The Sunshine Economy: Rebuilding The Northern Bahamas After Hurricane Dorian
Great Abaco Island remains beautiful but scarred. It is scarred from the seemingly endless hours of winds and water from Hurricane Dorian in September. Its economy is quiet — quieted by the worst storm spawned from warm Atlantic waters ever to hit the Bahamas. And its residents are few. Thousands forced off the island because they have no homes any longer.
Healing from a hurricane, especially one as strong and devastating as Dorian, will be measured in years.
"Four months later, I think the Bahamas is doing a halfway decent job," said Katherine Smith, managing director of the Disaster Reconstruction Authority. "But we can always improve where we are and that's what the authority intends to do."
The authority was created by the Bahamian government in late 2019 to manage the cleanup and rebuilding needed after Dorian.
Great Abaco Island was scoured by the storm in September. Dorian stalled over Abaco and Grand Bahama to the west, spinning its category 5 winds and sweeping walls of water over both islands. Four months later on Abaco, countless tons of debris remain, power has not been fully restored, and life is limping along.
"One of the big priorities is this debris cleanup," Smith said during a bus tour of Abaco Island earlier this month. "It's really a big problem and it's only a problem because of the scale of the hurricane and the devastation and damage that it did in Abaco."
By early January, debris had been cleared from the roads. It was pushed aside and piled up, but not necessarily picked up. There has been frustration with the speed at which government contractors have removed the debris. Smith admitted they need to be more aggressive. "Nobody had ever experienced this before. So for the first crack at it, as a country, I think there was a lot of shock. Initially, maybe decisions were slow in making because you had to get over the initial shock you had to deal with."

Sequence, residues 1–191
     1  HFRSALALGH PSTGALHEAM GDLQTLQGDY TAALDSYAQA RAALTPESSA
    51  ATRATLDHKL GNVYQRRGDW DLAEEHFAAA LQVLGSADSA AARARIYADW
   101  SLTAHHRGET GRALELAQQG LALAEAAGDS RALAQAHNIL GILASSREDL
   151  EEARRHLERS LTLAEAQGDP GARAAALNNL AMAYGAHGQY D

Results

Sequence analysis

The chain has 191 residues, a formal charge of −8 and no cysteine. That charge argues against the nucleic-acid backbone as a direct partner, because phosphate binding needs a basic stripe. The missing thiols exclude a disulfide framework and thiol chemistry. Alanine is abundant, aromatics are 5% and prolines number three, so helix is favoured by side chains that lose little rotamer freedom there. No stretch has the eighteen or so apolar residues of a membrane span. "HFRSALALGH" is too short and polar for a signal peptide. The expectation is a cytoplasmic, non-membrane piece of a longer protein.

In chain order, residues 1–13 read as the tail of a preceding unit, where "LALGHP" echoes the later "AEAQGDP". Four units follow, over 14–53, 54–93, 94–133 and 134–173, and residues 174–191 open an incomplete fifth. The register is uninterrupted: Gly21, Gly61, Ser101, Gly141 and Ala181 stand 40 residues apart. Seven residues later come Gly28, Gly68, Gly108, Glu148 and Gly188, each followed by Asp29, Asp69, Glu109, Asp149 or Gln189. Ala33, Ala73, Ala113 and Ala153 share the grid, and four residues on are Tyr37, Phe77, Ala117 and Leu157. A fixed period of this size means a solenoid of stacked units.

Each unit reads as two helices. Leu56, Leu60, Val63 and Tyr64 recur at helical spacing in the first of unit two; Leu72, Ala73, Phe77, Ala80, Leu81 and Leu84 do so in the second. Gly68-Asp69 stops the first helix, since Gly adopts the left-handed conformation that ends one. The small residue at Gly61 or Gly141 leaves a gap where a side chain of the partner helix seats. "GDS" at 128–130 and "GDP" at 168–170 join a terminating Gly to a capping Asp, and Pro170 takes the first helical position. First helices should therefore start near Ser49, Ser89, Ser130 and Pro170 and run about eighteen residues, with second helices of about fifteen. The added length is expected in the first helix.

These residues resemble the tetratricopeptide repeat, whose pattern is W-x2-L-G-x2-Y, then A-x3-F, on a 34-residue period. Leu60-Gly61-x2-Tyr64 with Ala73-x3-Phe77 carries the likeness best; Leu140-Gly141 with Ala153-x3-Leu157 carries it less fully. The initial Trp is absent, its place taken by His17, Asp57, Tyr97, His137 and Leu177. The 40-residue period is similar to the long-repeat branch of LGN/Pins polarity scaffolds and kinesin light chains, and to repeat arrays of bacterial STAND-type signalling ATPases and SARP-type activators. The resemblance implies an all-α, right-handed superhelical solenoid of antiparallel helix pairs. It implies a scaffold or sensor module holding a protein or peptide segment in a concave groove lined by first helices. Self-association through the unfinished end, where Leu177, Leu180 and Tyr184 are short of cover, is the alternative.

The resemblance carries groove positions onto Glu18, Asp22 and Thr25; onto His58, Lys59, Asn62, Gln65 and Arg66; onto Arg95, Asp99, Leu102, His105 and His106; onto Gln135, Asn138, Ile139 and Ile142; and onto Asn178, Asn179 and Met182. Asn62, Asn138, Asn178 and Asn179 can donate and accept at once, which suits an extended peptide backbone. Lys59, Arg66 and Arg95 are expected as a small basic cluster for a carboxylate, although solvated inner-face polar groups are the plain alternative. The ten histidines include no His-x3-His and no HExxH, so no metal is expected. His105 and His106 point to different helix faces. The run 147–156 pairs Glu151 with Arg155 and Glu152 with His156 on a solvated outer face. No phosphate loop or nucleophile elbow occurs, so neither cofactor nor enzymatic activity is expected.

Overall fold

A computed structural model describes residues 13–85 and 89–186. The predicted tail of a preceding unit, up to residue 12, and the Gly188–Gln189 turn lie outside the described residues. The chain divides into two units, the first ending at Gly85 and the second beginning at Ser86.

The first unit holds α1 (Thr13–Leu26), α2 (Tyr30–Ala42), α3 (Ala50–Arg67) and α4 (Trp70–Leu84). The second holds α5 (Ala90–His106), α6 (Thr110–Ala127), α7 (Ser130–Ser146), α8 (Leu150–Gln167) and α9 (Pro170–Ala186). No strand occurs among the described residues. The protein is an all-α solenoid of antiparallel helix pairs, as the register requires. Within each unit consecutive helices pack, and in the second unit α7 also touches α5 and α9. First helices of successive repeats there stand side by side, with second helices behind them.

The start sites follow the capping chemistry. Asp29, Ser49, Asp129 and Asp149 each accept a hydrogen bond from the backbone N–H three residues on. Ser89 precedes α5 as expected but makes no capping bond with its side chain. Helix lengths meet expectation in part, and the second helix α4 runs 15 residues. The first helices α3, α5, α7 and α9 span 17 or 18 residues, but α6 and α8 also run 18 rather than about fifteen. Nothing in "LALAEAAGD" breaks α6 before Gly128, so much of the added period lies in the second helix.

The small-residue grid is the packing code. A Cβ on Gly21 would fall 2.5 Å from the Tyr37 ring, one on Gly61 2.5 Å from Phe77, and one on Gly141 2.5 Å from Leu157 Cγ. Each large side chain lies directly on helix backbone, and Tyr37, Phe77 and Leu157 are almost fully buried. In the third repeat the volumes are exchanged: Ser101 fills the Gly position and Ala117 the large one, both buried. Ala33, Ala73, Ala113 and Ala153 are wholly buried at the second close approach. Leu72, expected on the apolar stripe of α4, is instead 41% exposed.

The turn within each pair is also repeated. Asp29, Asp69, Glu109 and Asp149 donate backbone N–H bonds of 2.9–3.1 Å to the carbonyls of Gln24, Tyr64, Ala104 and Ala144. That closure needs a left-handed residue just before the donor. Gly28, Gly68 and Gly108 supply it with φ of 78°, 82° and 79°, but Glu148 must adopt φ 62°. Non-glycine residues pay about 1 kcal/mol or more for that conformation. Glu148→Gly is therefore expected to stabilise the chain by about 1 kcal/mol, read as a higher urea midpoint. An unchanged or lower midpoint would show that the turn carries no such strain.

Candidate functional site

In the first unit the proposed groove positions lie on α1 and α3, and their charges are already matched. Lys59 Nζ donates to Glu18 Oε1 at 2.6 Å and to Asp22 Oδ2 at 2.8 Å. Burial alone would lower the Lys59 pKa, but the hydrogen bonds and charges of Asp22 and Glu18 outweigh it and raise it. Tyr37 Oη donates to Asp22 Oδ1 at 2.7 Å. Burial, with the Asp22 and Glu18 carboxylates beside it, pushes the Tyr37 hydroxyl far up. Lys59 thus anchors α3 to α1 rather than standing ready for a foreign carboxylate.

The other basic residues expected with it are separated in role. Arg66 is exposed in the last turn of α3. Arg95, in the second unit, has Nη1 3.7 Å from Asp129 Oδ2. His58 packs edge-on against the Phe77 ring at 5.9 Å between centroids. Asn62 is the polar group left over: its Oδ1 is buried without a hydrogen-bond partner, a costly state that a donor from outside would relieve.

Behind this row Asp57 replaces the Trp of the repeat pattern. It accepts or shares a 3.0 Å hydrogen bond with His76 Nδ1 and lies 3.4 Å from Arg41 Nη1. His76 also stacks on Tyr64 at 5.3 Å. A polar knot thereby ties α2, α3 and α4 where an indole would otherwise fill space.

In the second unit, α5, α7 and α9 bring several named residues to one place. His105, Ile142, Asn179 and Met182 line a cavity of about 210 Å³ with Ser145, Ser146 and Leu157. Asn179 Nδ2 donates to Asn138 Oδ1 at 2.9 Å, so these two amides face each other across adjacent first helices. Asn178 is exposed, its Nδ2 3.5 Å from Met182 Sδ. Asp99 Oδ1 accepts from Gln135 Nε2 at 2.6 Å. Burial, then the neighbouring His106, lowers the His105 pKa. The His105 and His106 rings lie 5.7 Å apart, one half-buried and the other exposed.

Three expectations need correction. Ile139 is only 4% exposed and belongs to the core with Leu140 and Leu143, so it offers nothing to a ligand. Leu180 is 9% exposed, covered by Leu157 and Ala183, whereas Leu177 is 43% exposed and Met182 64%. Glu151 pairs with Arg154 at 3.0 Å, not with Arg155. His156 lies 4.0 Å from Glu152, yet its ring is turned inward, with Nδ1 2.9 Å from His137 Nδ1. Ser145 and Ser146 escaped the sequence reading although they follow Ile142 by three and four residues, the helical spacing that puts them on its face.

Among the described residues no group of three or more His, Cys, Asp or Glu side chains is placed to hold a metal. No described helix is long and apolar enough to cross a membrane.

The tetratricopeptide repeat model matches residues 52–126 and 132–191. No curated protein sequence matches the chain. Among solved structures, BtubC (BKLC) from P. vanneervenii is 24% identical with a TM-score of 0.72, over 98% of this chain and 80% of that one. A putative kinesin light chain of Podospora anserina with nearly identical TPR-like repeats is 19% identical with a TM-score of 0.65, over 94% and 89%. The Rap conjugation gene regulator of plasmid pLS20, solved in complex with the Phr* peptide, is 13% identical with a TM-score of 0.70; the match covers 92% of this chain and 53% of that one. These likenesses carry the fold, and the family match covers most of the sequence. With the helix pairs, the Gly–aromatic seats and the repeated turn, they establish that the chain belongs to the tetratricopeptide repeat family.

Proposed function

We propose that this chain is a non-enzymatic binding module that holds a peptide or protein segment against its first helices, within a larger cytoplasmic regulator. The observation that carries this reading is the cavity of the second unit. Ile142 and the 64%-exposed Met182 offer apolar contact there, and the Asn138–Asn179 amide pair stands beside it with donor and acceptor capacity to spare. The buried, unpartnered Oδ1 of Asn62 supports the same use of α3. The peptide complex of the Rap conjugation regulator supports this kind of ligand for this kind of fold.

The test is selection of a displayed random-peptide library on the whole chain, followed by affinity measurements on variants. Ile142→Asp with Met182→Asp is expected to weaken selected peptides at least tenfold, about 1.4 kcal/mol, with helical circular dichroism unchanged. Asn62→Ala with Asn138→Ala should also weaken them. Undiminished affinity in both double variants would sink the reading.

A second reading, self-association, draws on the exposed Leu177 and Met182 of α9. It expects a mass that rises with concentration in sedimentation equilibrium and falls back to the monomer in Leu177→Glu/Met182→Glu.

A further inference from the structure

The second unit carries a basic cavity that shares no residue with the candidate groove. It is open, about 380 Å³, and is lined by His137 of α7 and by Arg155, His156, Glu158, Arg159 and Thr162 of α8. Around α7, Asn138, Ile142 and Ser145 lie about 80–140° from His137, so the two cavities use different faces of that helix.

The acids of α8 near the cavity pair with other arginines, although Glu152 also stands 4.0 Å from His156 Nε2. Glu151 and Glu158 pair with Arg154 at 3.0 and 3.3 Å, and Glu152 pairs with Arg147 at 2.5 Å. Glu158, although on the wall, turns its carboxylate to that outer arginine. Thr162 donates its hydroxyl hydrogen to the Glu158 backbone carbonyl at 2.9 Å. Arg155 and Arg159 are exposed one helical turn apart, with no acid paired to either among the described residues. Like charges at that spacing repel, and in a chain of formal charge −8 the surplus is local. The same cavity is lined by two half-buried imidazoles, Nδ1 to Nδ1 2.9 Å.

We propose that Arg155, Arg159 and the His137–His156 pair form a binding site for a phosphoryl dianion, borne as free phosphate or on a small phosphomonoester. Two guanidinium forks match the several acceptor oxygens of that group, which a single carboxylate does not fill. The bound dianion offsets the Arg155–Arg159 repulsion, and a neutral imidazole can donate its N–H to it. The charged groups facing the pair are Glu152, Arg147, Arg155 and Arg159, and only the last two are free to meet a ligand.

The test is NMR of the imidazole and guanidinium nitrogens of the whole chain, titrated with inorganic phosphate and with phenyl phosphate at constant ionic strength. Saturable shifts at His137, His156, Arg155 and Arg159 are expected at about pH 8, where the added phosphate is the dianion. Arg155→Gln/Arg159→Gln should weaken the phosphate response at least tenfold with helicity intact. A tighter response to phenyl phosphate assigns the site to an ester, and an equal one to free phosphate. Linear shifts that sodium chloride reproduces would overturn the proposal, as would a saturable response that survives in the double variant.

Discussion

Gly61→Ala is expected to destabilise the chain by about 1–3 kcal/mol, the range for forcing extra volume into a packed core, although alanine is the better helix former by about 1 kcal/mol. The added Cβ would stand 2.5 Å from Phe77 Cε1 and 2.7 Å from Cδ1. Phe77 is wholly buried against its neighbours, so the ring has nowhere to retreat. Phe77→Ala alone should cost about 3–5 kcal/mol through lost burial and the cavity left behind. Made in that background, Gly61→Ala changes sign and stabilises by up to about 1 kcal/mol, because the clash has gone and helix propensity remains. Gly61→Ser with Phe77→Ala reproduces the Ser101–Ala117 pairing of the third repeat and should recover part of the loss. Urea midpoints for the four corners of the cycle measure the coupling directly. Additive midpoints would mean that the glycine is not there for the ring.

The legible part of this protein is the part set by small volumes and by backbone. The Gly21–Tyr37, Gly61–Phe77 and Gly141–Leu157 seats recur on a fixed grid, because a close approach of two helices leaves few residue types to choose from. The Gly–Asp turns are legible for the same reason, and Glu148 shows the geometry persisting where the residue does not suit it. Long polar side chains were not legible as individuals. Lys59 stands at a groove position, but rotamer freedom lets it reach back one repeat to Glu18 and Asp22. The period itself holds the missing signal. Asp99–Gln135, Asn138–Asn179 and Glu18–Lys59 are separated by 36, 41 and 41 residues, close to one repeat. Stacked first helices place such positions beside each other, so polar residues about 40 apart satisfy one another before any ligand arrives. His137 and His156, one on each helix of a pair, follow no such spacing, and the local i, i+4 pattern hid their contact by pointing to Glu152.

Smith said she's spending several days each week on Abaco, gathering information, hearing from residents who have stuck it out, and working to marshall resources needed for the clean-up and rebuild. "No excuses," she said. "There are no excuses. So that's why I tell you, we're not going to apologize for making the decisions that we need to make in the best interest of the country."
Some of those immediate decisions include how to provide housing for residents remaining on the islands, for those who left and want to come back, and for people needed for the rebuilding work.
In Spring City, a small neighborhood 10 miles south of Marsh Harbour, nine temporary domed housing units sat on decking. The government expects to assemble 250 of them for Abaco Island, which suffered the worst damage. The Inter-American Development Bank estimates 87 percent of Dorian's $3.5 billion in damages is on Abaco. Three out of four homes and apartments on the island suffered at least some damage. Over half were severely damaged, according to the bank's assessment in November.
No More Mudd